C#
var dpi = 150f;
using (var reader = new PdfReader(@"Images\in.pdf", dpi, dpi))
// Get the first page of the PDF file, for example:
using (var frame = reader.Frames[0])
using (var frameContent = frame.GetContent())
using (var container = new GraphicsContainer(frame.Width, frame.Height, frame.DpiX, frame.DpiY))
using (var graphics = container.GetGraphics())
{
    // Draw vector graphics in the container.
    graphics.DrawContainer(frameContent, 0, 0);

    // Rasterize the container.
    using (var image = new ImageGenerator(container, PixelFormat.Format24bppRgb, RgbColor.Transparent))
    using (var resize = new Resize(100, 0))
    using (var writer = ImageWriter.Create(@"Images\Output\out.png"))
    {
       Pipeline.Run(image + resize + writer);
    }
}

The following example shows transformations of vector images without rasterization. It illustrates how you can downsize the image twice as much as it originally was and then rotate it using the coordinate transformation.

C#
using (var reader = new PdfReader(@"Images\in.pdf", dpi, dpi))
using (var frame = reader.Frames[0])
using (var container = frame.GetContent())
using (var writer = new PdfWriter(@"Images\Output\out.pdf"))
{
    var resizeK = 0.5f;

    writer.AddPage((int)(frame.Height * resizeK), (int)(frame.Width * resizeK),
        dpi, dpi, RgbColor.White, null);

    using (var graphics = writer.GetGraphics())
    {
        graphics.Transform.Scale(resizeK, resizeK);
        graphics.Transform.Rotate(90f);
        graphics.Transform.Translate(0, -frame.Height);

        graphics.DrawContainer(container, 0, 0);
    }
}

Working with Files

Graphics Mill supports three file formats of vector graphics. These are PDF, SVG, and EPS. You can read from PDF and SVG using the PdfReader and SvgReader classes. Also, you can write to PDF, SVG, and EPS using the PdfWriter, SvgWriter, and EpsWriter classes, correspondingly.

The previous examples in this topic show how you can apply PdfReader and PdfWriter.

Saving vector graphics into an SVG file is completely the same as saving into EPS. So, let us illustrate how you can do it using SvgWriter. In the following example, you convert a PDF to an SVG file and draw some watermark text on it.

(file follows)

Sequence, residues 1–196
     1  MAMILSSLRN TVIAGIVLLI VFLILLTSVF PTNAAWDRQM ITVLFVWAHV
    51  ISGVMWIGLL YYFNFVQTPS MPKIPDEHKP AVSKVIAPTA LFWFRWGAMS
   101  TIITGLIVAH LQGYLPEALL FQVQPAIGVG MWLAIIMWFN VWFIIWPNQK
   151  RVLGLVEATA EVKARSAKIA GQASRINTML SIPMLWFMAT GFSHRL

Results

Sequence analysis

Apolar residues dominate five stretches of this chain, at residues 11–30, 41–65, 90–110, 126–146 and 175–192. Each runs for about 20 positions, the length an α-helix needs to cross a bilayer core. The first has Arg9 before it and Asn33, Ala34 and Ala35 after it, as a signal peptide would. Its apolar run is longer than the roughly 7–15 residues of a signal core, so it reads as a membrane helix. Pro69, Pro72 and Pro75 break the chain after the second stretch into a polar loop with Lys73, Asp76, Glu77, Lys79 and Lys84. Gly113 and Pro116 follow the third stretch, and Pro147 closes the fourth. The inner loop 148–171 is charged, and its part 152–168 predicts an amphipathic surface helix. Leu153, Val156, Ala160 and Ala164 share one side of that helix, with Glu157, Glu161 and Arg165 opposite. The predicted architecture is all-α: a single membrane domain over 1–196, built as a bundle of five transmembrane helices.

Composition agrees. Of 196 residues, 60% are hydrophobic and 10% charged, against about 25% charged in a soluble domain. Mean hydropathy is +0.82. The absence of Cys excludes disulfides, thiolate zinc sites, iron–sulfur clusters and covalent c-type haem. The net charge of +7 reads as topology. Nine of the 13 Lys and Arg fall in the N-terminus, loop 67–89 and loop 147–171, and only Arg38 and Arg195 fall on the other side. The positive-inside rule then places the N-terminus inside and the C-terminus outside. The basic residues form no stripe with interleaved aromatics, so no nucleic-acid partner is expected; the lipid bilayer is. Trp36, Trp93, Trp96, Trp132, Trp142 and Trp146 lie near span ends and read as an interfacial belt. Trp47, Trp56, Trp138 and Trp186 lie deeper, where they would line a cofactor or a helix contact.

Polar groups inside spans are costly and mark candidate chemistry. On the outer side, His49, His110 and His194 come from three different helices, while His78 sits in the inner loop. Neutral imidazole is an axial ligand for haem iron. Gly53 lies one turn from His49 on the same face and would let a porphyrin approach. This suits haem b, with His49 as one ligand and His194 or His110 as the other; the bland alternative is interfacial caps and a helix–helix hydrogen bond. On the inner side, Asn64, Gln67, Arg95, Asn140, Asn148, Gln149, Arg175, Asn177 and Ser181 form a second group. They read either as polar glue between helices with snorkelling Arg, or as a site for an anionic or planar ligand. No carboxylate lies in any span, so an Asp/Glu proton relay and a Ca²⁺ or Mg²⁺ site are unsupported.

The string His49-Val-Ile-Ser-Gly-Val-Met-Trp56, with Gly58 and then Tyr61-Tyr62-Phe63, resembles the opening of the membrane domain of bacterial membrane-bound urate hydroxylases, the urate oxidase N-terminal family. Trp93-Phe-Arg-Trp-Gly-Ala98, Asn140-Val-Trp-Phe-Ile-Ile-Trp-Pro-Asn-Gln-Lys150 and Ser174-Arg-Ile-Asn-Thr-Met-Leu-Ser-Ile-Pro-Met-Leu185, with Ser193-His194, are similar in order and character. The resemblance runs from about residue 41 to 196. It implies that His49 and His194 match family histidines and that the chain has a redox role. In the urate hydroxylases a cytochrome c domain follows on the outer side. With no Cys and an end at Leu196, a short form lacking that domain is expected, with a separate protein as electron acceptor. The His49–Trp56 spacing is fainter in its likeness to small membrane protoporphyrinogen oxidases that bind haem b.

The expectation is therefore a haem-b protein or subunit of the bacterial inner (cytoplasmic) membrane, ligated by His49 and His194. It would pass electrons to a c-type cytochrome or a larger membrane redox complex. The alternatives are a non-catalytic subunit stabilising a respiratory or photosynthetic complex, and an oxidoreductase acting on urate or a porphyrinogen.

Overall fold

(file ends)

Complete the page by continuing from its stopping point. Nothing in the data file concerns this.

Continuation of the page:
C#
var dpi = 72;
using (var reader = new PdfReader(@"Images\in.pdf", dpi, dpi))
using (var container = reader.Frames[0].GetContent())
using (var writer = new SvgWriter(@"Images\Output\out.svg", 400, 400, dpi, dpi))
using (var graphics = writer.GetGraphics())
{
    graphics.DrawContainer(container, 0, 0);
    graphics.DrawText(new PlainText("Graphics Mill", FontRegistry.Installed.CreateFont("Arial", 12, dpi, dpi), 50, 50));
}

Now, open the out.svg file in an editor, in Inkscape for example, and verify that the file contains path elements for text objects and graphical primitives, and an image element for raster images.

The saved SVG file in Inkscape.

Color Management

Graphics containers may include elements in different color spaces. For example, there may be a bitmap image in the CMIK color space and graphical primitives in RGB. So, which color space should be used to rasterize the container?

Graphics Mill provides the GraphicsContainer.GetPreferredPixelFormat() and GraphicsContainer.GetPreferredColorProfile() methods to resolve this problem. The first one gets the most preferred PixelFormat for elements in the container, and the second method returns ColorProfile for given pixel format. The following example shows how you can apply these methods.

C#
using (var reader = new PdfReader(@"Images\in.pdf", dpi, dpi))
using (var frame = reader.Frames[0])
using (var content = frame.GetContent())
using (var bitmap = new Bitmap(frame.Width, frame.Height, content.GetPreferredPixelFormat()
    , RgbColor.White))
{
    bitmap.ColorProfile = content.GetPreferredColorProfile(bitmap.PixelFormat.ColorSpace);

    using (var graphics = bitmap.GetAdvancedGraphics())
    {
        graphics.DrawContainer(content, 0f, 0f);
    }

    bitmap.Save(@"Images\Output\out.tif");
}

See Also

Reference

Manual